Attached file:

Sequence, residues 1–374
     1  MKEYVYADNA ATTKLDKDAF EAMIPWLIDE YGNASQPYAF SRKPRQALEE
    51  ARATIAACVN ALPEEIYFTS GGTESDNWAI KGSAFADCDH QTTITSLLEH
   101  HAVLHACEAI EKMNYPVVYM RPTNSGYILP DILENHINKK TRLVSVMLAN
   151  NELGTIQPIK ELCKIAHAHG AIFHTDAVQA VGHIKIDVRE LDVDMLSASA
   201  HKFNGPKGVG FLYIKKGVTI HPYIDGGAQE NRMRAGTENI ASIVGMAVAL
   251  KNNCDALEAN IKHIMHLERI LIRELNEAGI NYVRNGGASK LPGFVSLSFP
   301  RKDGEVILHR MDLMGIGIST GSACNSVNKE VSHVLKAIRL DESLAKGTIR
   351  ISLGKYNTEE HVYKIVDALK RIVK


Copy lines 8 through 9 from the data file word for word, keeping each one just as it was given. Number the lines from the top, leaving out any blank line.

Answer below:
   301  RKDGEVILHR MDLMGIGIST GSACNSVNKE VSHVLKAIRL DESLAKGTIR
   351  ISLGKYNTEE HVYKIVDALK RIVK